The latest Mikron HSM machines from GF AgieCharmilles (Lincolnshire, IL), like the HSM 400U LP and HSM 600U LP, are well-suited for machining medical devices and dental implants, turbomachinery components, aerospace, mold and die, and new applications like LED and fuel-cell manufacturing. Technology advances include linear motors for all three linear axes and direct-drive torque motors for the rotary and tilt axes on its five-axis machining centers. Axis accelerations of 2.5 g in three axes and rapid traverse rates to 100 m/min enable the machine to achieve higher dynamic performance on a polymer concrete base structure. A typical circularity test with a grid encoder at a feed rate of 5 m/min shows a deviation of less than 2 µm over the entire circumference of a 150-mm circle. Surface finishes down to Ra 0.05 µm are being achieved.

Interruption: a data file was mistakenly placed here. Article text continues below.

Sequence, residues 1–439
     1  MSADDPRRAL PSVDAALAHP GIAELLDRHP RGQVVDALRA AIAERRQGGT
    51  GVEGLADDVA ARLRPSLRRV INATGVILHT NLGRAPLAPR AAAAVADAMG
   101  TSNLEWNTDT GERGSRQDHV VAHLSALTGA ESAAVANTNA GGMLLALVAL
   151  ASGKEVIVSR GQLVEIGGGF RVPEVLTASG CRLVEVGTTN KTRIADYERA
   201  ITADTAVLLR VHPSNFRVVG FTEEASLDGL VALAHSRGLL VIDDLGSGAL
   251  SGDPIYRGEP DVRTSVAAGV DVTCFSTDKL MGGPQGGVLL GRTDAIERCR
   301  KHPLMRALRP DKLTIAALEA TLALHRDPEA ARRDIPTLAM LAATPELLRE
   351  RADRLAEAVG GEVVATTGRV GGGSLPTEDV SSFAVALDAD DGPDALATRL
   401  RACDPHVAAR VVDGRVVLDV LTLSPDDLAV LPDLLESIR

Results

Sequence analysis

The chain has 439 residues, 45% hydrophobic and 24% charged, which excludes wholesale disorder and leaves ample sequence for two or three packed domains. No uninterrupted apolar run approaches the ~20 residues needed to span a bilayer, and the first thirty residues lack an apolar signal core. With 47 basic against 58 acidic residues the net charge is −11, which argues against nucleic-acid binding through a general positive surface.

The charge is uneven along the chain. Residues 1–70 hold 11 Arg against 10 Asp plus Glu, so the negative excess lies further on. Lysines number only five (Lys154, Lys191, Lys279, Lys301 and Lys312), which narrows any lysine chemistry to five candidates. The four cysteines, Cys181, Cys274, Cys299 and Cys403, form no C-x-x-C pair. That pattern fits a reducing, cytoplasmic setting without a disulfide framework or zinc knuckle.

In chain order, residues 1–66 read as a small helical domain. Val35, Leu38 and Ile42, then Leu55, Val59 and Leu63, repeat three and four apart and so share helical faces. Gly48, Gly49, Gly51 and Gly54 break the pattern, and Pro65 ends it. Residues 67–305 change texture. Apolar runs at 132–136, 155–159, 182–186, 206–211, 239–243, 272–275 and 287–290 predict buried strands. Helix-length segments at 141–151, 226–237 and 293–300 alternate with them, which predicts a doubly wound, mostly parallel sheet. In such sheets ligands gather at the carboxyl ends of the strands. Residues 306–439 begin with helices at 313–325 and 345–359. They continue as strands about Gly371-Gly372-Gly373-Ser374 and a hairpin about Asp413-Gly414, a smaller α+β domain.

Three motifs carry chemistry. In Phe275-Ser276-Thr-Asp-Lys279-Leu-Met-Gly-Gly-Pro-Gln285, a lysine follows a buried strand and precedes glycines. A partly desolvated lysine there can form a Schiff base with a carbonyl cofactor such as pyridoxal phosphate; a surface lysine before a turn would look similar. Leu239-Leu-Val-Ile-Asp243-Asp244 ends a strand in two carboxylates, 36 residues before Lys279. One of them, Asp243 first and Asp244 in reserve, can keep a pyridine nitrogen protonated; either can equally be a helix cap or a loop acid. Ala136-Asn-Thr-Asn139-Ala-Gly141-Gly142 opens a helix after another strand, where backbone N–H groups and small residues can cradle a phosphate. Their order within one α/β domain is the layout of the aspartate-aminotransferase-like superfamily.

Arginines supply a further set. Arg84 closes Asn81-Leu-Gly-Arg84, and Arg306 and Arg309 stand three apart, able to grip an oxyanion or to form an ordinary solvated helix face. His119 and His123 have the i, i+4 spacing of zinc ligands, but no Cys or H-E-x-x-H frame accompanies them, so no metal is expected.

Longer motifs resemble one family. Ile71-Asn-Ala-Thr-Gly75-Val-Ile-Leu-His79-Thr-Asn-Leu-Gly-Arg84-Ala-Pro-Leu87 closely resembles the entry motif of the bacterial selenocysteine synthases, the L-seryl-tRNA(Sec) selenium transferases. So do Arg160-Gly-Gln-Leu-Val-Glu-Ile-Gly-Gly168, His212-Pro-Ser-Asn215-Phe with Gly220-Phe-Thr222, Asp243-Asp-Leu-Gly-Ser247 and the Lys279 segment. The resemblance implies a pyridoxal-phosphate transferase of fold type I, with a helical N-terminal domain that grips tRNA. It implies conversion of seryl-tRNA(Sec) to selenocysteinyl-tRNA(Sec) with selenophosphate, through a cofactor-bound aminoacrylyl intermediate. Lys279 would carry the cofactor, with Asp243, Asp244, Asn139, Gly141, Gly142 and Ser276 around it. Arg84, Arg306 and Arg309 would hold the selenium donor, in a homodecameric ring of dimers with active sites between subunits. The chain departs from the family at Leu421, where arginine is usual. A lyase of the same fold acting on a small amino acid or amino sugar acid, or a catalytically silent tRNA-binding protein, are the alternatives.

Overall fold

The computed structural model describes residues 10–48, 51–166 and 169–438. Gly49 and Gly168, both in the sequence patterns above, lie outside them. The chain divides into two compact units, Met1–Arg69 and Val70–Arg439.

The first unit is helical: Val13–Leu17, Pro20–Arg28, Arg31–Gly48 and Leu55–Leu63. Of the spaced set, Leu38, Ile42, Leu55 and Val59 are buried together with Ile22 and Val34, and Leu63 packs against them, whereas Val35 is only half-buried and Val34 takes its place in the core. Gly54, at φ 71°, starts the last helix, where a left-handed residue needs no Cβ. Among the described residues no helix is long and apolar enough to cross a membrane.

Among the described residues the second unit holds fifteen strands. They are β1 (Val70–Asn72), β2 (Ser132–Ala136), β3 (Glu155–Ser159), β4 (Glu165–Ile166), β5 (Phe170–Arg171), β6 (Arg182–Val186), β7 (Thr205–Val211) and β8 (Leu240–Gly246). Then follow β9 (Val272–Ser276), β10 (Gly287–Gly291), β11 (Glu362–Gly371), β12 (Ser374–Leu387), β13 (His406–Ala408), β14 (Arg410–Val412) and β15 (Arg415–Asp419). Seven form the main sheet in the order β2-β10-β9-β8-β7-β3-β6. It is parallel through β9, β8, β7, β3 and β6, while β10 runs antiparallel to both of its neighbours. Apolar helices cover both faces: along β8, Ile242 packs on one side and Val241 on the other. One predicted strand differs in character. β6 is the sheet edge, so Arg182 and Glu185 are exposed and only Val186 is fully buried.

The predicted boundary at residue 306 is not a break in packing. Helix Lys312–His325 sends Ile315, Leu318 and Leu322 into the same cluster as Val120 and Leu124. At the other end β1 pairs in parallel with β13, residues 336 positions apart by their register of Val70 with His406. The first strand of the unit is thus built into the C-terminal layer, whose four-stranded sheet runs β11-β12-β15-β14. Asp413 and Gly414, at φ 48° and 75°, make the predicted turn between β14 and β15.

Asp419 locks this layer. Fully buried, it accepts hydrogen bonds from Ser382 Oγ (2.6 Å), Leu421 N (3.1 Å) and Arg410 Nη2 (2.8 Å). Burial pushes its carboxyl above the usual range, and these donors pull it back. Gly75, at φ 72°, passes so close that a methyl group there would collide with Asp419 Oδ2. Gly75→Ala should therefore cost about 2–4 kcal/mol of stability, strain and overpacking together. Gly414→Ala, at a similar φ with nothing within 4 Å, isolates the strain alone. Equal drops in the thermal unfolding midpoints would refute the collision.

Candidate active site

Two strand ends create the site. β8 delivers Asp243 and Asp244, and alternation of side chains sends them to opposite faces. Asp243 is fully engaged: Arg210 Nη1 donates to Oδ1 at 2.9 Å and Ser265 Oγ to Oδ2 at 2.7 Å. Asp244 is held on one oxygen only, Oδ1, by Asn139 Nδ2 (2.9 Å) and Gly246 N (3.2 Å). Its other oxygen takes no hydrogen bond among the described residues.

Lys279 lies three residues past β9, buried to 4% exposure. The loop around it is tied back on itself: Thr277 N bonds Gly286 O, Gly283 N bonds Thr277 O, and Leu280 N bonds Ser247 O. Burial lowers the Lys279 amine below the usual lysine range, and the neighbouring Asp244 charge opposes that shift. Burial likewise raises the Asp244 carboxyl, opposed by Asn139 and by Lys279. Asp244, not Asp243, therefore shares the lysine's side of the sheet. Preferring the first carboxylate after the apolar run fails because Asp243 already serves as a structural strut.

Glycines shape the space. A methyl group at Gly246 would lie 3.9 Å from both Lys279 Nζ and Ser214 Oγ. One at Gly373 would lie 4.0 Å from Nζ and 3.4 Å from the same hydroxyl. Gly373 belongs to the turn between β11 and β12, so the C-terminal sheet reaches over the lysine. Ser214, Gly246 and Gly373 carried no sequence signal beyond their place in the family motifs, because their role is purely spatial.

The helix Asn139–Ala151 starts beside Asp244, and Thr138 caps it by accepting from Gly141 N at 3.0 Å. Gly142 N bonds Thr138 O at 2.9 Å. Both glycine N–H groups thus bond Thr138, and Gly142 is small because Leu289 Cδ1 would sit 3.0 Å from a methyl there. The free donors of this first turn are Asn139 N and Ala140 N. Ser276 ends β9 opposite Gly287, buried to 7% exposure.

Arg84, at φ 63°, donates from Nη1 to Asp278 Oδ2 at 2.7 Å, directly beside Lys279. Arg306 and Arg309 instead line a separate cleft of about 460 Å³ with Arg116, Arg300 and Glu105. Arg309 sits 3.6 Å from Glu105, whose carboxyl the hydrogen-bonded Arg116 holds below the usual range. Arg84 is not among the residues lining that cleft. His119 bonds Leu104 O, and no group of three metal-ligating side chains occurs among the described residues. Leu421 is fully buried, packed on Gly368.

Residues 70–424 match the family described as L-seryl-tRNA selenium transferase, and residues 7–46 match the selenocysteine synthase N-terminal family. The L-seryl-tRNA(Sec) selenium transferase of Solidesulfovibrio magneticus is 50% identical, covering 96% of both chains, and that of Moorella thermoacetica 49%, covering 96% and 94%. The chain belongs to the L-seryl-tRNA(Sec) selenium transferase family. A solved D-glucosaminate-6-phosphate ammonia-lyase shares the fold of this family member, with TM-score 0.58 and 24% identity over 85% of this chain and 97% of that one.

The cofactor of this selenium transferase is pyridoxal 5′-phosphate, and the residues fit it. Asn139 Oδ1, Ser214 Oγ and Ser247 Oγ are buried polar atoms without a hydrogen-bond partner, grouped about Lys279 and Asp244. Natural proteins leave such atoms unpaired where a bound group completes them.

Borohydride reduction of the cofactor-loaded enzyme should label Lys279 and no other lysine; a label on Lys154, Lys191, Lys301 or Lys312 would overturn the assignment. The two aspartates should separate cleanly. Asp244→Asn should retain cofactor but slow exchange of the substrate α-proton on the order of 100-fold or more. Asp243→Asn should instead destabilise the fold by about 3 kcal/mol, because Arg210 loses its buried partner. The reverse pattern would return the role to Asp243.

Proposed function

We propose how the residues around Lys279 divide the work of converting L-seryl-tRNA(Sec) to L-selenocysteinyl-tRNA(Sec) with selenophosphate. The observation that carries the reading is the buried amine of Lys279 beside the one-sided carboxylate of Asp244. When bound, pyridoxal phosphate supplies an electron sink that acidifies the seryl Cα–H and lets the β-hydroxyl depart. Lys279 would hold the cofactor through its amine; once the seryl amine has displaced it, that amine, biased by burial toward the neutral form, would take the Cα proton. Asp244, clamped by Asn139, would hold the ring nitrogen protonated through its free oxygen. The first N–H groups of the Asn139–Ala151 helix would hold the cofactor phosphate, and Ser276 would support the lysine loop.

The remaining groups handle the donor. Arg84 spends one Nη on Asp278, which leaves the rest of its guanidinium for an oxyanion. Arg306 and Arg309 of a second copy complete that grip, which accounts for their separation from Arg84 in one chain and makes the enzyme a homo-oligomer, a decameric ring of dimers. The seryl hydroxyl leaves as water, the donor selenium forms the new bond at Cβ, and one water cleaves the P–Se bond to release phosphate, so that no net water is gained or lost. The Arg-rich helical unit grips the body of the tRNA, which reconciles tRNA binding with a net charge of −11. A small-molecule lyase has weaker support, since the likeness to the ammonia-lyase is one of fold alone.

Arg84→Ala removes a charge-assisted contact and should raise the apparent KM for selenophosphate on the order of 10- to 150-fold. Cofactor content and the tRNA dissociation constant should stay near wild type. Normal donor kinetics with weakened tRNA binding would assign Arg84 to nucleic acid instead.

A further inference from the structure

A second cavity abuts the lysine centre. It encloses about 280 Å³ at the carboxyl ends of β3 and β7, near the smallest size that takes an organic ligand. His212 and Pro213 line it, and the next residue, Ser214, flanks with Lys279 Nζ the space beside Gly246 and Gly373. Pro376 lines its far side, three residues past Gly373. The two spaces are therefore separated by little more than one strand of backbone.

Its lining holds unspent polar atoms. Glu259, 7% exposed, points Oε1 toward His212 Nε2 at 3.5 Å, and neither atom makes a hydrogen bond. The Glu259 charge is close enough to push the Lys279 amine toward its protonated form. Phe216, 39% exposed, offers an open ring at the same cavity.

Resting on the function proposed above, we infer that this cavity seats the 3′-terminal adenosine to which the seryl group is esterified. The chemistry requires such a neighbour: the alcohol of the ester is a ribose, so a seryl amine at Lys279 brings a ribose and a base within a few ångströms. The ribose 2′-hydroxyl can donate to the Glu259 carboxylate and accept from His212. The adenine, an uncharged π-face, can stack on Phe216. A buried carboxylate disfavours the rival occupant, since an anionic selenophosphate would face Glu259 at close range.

The Mikron HSM 400U LP has a 42,000-rpm coolant-through spindle and modular tool tower that can accommodate 308 tools. Mikron HSM machines are designed for automation with built-in table chucks for pallet changer or robot palletization. Smart features for untended operation include built-in vibration monitor in the spindle to stop the machine, broken tool detection with a laser measurement system, power-failure protection, and a remote notification system.